Telford-based AceOn awarded £1 million grant from Innovate UK to accelerate development work on its mobile solar energy storage unit.

Battery and Electricity - 3D Rendering

AceOn’s mobile power station to use Faradion technology for commercial use in Africa

Telford-based AceOn has been awarded a £1 million grant from Innovate UK to accelerate development work on its mobile solar energy storage unit. The newly-designed product will use Sheffield-based Faradion’s sodium-ion batteries – the first time its technology is in commercial use in sub-Saharan Africa.

AceOn’s mobile power station to use Faradion technology for commercial use in Africa

AceOn Group Managing Director Mark Thompson said the new solar energy storage unit could bring clean, sustainable and affordable power to millions of people around the globe.

 

“Sodium-ion represents a real step change in technology and we really are leading the way in finding one of the first commercial applications for it in Africa. Our mobile storage unit will play a massive part in bringing clean, affordable and sustainable power to some of the world’s poorest regions — and develop new technology that will help fight climate change all over the world.”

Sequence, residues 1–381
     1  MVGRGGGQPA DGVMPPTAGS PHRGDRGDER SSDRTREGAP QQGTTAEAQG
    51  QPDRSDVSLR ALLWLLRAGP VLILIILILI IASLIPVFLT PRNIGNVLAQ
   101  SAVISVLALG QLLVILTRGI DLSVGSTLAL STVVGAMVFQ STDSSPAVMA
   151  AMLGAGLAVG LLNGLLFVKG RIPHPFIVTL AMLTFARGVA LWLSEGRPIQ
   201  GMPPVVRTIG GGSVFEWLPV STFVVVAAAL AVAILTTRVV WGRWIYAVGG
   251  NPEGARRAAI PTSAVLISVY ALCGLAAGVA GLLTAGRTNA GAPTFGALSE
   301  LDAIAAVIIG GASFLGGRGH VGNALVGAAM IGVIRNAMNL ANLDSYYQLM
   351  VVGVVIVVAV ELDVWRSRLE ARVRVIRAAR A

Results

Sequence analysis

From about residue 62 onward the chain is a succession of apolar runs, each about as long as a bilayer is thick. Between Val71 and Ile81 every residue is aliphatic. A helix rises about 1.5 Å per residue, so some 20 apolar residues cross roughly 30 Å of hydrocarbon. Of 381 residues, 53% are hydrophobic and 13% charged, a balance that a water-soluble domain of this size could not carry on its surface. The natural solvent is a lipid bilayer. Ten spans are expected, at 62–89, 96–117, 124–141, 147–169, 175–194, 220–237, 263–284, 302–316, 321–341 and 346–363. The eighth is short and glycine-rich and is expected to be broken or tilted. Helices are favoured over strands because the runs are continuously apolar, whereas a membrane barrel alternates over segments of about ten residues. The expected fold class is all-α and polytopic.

James Quinn, CEO of Faradion, said: “We are really excited to be working with AceOn to expand the use of our batteries into Africa. Sixty six per cent of the Nigerian market faces unreliable or no energy access, so we see a lot of potential to support its ambitious economic growth projections.”

 

The project will see the development of a new version of AceOn’s solar energy generator to enable full integration with sodium-ion batteries, including hardware and software development, and scalable to 1MW.

 

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James Quinn,

CEO, Faradion

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